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Document Type

Open Access

Degree Program

Psychology

Degree Type

Master of Science (M.S.)

Year Degree Awarded

2011

Month Degree Awarded

February

Keywords

Maternal Depressive Symptoms, Transition to Parenthood, Race and Ethnicity, Ethnic Identity

Abstract

This study investigated whether ethnic identity, financial and educational resources, and social support predicted levels and trajectories of maternal depressive symptoms above and beyond racial and ethnic categories. A sample of Black, Latina, and White working class mothers were interviewed at five time points during the first year of parenthood. Findings indicated that Latina mothers experienced significantly higher levels of depressive symptoms compared to Black mothers at the final time point. There was a significant interaction between race and ethnic identity in predicting symptoms such that Latino mothers saw an increase in the growth rate of symptoms compared to White mothers. Perceived social support from family was associated lower levels of symptoms at Time 5. Additionally, occupational prestige moderated the relationship between race and depressive symptoms. Compared to Latina mothers, Black mothers with high occupational prestige experienced a significant decline in depressive symptoms across the first year of parenthood and this change occurred more rapidly than for Latina mothers. There was also a trend for the interaction between ethnic identity and education predicting maternal depressive symptoms Mothers with high ethnic identity and more education experienced a rapid decline in depressive symptoms across the transition to parenthood compared other mothers. These findings highlight the importance of understanding the unique experiences of people of different racial and ethnic groups.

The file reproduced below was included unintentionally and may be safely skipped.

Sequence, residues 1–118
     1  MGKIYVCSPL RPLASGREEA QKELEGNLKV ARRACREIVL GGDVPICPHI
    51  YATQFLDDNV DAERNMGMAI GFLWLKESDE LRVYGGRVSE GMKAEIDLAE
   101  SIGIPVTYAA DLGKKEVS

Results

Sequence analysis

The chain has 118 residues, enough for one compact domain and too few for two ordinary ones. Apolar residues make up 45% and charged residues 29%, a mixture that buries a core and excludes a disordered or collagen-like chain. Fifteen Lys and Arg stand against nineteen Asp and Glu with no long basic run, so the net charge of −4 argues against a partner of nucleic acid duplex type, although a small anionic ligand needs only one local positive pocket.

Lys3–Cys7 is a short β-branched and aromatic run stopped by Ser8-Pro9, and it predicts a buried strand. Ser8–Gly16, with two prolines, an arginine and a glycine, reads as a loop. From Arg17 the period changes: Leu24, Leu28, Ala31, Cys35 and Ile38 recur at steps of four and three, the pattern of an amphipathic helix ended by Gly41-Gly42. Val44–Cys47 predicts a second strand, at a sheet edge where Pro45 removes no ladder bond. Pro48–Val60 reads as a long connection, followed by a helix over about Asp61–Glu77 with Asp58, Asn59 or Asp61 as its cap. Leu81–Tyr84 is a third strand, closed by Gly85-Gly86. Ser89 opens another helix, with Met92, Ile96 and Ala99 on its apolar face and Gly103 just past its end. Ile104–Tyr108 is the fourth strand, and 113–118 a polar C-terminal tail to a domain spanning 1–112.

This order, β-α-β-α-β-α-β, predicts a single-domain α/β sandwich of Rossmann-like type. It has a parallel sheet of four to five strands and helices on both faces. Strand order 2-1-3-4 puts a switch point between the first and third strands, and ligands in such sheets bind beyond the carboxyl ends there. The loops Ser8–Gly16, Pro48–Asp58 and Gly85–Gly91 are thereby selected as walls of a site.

First Advisor

Maureen Perry-Jenkins

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